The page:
Meet Kipras, our youngest member of the techies’ fam. While still being a high school student, he spent his summer as an intern here at Tesonet, learning and already taking the tech world by storm. The burning desire and curiosity to understand how and why particular things work were one of the driving factors that lead him to become a junior software developer. And as today Kipras Melnikovas is back at high school preparing for his final exams, in this blog post he shares his insights on the internship, why age doesn’t matter, and how to break into the tech industry.
Please introduce yourself. Have you always shared a passion for the IT industry?
Ever since I remember I was interested in computers, tech, and nerdy things in general. The defining moment happened in my junior years when I was transferring to another high school. I encountered a programming club there and without hesitation, I joined it immediately. As I started writing down some code from the projector, I didn’t understand anything yet, but boy was it fun pressing “Build and run” and seeing the first-ever program — the message “Hello World!”. From that day on, my passion for programming grew immensely – first diving deep into the lands of C++, and later switching my specialization to web development.
Great! Tell us about your role. Do software developers drink coffee and type on the keyboard all day?
Absolutely not! Our typical day consists of a team’s stand-up to help each other out, drinking coffee and typing on the keyboard, eating ice cream, communicating with other stakeholders (such as designers, backend engineers, project managers, and other fellas), sprint planning, and occasional meetings. Most importantly, though – posting and reviewing top quality memes on Slack!
Can you tell us about some cool things you’ve worked on?
At the job directly – NDA, but in my free time – yes!
During my internship at Tesonet, I saw an opportunity to improve my co-workers’ workflow for the tool we were using – GitLab – and so I made a browser extension with some useful features. Also, at the end of my previous internship at a small startup company, I started building a web app that basically scraped our school’s students’ schedules, did some cool stuff with them, and then displayed it all in a better format on my own mobile-first website.
None of those were required, and you’re not expected to do anything like this – I just so happened to have some free time, but not all of us do, and it’s fine.
In your experience, what is specific about working at Tesonet?
All the knowledge sharing culture, for sure. I’ve really enjoyed my team and the people I’ve worked with generally – I think it’s a big part of why I had such a great experience. There weren’t really any downsides – not that I can think of. Perhaps because it was just the first few months/the honeymoon of mine.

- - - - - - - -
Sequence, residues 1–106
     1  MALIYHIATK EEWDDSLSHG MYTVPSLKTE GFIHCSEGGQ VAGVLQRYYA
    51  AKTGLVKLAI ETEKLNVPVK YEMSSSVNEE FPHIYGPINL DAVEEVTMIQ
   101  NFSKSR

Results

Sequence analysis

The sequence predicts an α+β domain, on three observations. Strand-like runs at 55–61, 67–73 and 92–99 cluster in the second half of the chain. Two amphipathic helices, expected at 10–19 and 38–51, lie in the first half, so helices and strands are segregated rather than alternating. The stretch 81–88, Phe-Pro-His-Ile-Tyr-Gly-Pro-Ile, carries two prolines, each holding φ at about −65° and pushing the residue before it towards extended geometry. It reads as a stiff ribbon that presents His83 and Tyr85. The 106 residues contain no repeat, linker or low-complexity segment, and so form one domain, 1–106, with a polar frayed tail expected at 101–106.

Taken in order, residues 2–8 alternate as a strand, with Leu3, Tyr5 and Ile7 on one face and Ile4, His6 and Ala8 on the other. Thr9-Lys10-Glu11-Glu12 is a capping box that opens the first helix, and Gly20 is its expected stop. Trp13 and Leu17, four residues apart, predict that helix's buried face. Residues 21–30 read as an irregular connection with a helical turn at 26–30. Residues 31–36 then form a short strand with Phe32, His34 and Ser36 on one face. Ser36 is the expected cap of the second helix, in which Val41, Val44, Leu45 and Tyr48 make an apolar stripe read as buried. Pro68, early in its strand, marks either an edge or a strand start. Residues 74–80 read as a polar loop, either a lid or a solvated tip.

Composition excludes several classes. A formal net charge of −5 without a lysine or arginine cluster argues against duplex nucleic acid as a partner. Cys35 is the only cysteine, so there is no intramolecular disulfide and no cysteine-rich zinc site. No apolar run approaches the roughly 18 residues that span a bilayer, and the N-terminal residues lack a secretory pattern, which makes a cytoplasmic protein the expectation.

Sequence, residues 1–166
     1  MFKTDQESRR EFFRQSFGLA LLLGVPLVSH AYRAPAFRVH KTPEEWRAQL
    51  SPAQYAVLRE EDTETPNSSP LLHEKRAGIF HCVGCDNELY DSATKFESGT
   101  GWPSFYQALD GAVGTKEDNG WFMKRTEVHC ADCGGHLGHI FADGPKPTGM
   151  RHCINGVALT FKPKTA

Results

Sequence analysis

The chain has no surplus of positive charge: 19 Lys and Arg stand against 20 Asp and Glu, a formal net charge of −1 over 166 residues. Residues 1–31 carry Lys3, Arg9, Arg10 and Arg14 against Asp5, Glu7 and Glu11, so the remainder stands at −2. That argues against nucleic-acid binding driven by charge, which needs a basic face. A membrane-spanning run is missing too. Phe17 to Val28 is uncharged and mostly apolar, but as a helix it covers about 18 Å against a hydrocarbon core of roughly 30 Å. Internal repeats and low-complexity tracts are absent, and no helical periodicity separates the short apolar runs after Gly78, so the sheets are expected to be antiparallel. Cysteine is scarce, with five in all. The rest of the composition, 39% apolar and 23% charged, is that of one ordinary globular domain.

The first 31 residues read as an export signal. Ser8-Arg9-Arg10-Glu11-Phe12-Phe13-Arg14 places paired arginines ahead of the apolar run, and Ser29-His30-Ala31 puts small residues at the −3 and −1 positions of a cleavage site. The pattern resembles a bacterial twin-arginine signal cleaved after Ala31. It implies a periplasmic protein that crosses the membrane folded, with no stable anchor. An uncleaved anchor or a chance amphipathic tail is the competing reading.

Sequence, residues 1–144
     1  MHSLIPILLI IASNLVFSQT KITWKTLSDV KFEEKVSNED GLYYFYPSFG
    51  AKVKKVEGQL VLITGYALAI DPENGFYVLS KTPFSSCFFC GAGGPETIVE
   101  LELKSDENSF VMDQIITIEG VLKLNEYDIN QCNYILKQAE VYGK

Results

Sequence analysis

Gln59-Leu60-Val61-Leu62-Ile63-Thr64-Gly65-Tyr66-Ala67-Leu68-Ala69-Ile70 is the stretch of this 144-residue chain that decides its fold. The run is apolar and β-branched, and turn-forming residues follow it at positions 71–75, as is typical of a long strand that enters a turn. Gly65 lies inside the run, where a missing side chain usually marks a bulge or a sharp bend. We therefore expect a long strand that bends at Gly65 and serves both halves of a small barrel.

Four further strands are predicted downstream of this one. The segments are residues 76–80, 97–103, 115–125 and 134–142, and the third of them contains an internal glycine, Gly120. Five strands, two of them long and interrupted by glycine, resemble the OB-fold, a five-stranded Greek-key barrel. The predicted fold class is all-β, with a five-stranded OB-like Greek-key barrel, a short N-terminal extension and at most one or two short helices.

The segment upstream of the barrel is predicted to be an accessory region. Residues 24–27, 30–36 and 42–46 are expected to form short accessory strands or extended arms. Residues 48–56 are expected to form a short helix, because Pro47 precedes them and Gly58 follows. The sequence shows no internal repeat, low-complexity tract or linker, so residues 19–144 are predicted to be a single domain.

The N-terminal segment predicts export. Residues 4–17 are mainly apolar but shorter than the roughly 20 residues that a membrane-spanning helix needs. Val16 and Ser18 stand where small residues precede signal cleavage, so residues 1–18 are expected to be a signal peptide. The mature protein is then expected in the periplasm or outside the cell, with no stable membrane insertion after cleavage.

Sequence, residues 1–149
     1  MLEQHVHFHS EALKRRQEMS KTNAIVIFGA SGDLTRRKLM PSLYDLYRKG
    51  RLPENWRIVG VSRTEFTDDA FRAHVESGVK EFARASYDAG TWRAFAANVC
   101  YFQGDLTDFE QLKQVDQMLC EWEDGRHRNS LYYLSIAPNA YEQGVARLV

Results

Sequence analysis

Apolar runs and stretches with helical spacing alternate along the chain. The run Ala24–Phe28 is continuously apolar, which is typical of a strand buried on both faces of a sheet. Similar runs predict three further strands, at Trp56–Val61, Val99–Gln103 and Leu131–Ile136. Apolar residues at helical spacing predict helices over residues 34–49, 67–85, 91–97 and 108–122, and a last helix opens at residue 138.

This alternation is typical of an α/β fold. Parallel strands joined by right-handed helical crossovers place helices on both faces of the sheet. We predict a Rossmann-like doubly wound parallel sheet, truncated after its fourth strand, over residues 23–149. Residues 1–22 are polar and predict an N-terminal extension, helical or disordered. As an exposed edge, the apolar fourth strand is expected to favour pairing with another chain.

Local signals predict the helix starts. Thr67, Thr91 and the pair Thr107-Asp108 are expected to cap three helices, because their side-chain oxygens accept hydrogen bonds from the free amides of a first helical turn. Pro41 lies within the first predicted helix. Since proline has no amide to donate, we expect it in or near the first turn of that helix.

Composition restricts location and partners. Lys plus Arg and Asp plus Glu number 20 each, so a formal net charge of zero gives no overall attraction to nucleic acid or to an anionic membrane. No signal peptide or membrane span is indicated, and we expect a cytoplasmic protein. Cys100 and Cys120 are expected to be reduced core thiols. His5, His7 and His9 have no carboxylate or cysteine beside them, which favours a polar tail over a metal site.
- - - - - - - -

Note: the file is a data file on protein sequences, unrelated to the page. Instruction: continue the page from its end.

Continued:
Are there any differences between working at a small startup and a big tech company?
There are quite a few. Most notably, bigger companies tend to have more resources to provide mentorship & support to get you up to speed and beyond. It indeed was the case for me. The projects, their scale, team sizes, and just the general vibe itself also differ. Although I myself preferred the latter, I’d recommend seeing for yourself.
What makes an internship successful?
Ask your manager [smiles]. For me, it was living up to the expectations, being able to do what I said I can do (don’t lie on your resume!), bringing in some fresh wind into the team (have you ever heard about “lean coffee”, bi-weekly knowledge sharing sessions and browser extensions?), having fun and ultimately getting a return offer.
Do you think that your age plays a role in this process?
Perhaps, but not by a long shot. I think that anyone can succeed if they put in the work, get good at their craft, and show high potential and/or already provide value. Depending on your stage in life, the number of responsibilities & thus the amount of spare time for learning and practicing you’ll have will differ, and it can surely be easier or harder. But it’s definitely not impossible.
How does one start a career in this field?
Actually, there’re so many options and the task here is to find the one that suits you individually. You can go to a college or university, a boot camp, or take the self-taught route. Each has its trade-offs, thus, as always, make sure to do your research. I myself am self-taught. YouTube, Google, and StackOverflow are best friends, in any case.
One of the best teachers for me when starting out was Brad Traversy – check his videos out for a good starting point, though feel free to explore other creators too. Practice, practice, practice, and eventually start looking for opportunities.
And finally, do you think it’s healthy to compare yourself to others?
I don’t think it’s healthy at all! Everyone’s got their own pace. It’s not about being better than others – it’s about you being better today than you were yesterday. And if you think it’s “too late” for you to start – remember that “The best time to start was 10 years ago. The second best time is now.”
That’s about it! This blog post featured our junior software developer – you can catch him at all socials by the name of @kiprasmel (be it LinkedIn, Github or Twitter), he’s more than happy to chat and share ideas.